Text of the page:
A Comparative Study Of Primary Health Care, Emergency Care And Urgent Care

27 Apr

Depending on the nature and scope of treatments offered, health care providers can be classified into one of many general categories of care.  It can often be confusing to know the difference between types of providers, so this study will set out to examine the major types of providers and offer a comparison and benefit analysis.

PRIMARY HEALTH CARE

Primary health care is often considered to be the first point of contact a patient has into the health care system when they need treatment or a checkup of their health problems.  A primary care provider may be a primary care physician, general practitioner or family physician and if the situation calls for treatment beyond their capability, they will usually coordinate that treatment with the appropriate specialist.  Sometimes people may also see a physician’s assistant or a nurse practitioner for their medical needs.  Given their frequent interaction with their patients, family doctors have a good understanding of their patients’ medical history, their current health and their future healthcare goals.

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EMERGENCY ROOMS

On the other end of the health care spectrum are emergency rooms.  They exist specifically to treat potentially life threatening emergencies. In order to accomplish that mission, they are open 24 hours a day and have all the necessary equipment, facilities, and emergency staff to address almost any medical issue. Typically they are located within a hospital complex, but recent trends have seen stand-alone ERs growing rapidly.  Patients are seen based on the severity of their injuries, which can result in extensive wait times to see a doctor if the patients’ illness or injury is not truly serious.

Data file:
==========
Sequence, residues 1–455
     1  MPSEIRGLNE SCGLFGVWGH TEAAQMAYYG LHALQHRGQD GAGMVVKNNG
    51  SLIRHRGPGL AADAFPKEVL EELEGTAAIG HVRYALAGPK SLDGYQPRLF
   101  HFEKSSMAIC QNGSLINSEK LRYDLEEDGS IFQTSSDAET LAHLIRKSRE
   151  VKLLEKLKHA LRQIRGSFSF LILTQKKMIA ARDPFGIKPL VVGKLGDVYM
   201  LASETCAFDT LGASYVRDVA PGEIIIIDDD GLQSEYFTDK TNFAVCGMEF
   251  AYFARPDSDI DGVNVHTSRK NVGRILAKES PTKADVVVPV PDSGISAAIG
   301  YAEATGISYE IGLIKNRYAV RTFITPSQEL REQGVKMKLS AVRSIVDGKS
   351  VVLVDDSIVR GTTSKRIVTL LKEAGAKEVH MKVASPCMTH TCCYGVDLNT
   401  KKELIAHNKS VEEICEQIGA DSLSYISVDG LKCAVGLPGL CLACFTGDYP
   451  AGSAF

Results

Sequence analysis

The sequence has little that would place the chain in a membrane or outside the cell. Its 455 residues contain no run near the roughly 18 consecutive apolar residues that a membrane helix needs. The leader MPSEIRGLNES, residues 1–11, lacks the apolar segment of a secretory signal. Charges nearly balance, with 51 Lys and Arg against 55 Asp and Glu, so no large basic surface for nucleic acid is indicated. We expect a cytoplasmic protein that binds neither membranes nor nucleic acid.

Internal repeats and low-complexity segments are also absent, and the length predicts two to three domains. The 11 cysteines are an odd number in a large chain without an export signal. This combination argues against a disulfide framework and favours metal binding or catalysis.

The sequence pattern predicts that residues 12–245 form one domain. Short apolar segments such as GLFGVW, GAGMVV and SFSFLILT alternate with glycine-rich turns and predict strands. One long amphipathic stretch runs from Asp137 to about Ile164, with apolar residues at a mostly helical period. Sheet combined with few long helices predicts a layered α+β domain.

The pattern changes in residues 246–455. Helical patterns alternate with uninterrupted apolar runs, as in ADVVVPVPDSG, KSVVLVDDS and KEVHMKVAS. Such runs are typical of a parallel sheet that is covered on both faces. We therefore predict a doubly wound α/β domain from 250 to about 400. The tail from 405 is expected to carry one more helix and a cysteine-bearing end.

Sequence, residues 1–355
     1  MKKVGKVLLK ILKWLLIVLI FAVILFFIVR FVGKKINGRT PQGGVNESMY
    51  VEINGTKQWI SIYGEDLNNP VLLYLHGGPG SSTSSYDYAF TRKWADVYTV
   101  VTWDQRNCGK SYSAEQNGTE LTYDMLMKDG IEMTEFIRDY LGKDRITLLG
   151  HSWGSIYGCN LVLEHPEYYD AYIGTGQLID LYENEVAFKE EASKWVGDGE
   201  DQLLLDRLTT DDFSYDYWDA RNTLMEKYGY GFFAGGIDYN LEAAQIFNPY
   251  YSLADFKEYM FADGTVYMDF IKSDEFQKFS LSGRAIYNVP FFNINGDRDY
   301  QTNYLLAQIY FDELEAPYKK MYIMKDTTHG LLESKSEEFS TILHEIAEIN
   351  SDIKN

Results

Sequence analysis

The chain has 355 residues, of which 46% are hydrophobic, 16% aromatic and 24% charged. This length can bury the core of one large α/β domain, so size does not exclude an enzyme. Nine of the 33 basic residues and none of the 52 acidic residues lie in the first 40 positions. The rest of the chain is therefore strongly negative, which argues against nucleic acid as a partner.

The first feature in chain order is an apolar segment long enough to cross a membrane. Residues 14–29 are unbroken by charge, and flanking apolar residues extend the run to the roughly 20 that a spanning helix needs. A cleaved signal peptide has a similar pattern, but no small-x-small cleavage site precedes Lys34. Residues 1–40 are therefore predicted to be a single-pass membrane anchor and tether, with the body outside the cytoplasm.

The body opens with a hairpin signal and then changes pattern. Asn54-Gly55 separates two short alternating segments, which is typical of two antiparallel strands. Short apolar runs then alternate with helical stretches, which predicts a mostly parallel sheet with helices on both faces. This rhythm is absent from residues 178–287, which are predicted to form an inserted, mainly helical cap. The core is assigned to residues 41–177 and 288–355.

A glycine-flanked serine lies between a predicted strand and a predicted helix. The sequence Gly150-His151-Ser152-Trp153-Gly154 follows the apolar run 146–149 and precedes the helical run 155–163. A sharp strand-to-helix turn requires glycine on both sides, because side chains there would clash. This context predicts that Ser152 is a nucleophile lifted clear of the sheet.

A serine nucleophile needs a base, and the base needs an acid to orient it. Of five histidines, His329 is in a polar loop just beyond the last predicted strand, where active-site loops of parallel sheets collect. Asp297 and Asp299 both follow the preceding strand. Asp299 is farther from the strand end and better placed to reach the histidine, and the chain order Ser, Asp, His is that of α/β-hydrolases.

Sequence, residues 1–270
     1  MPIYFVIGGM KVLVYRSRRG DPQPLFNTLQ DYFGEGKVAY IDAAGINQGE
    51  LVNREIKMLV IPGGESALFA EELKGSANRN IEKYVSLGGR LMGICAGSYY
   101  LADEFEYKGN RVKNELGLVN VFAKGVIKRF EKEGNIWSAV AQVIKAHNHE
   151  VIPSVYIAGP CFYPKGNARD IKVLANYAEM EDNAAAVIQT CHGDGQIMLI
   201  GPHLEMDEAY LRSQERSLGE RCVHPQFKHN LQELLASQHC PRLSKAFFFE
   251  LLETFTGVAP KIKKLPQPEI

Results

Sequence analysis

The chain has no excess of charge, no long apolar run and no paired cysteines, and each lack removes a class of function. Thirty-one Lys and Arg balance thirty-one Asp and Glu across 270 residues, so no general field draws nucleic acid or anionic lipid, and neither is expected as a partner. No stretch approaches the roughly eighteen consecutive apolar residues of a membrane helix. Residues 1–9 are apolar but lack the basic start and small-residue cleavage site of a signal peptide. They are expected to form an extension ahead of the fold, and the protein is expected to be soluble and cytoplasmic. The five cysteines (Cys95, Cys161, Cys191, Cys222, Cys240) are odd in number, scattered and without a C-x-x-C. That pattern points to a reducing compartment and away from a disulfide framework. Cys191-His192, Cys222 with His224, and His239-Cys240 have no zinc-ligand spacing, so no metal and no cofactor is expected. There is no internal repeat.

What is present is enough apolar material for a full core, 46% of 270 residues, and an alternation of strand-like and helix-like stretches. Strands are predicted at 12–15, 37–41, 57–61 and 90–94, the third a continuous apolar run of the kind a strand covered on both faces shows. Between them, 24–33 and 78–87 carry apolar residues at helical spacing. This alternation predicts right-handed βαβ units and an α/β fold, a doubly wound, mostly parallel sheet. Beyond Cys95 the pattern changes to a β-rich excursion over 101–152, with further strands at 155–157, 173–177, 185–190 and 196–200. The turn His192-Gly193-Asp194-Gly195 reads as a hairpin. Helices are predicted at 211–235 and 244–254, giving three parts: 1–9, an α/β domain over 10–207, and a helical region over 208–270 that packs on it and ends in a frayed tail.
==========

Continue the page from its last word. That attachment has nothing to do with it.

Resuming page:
URGENT CARE

Urgent care sits right in between a primary care provider and an emergency room.  It is similar to emergency medicine in that it is designed to provide quick treatment to patients in need.  However, unlike emergency rooms, urgent care centers offer treatment to patients with non-life threatening injuries or illnesses.  In this way, they are similar to a primary care physician.  A patient will typically visit urgent care when they either do not have a primary care doctor, or else their discomfort is such that they do not want to wait for an appointment at their primary care doctor.  Since they are designed to fill the gap between an ER and primary care, an urgent care clinic is typically open beyond normal business hours and is open on weekends.

In order for patients to make the best choice among the options available to them, a careful comparison of the benefits and services provided by these different health care systems must be done.   It is clear that medical issues which are threatening to one’s life can only be treated most effectively and efficiently in an emergency room.  Yet for other non-life-threatening issues, there are many other important points to examine, such as cost considerations, wait times, the overall time necessary for treatment and overall convenience.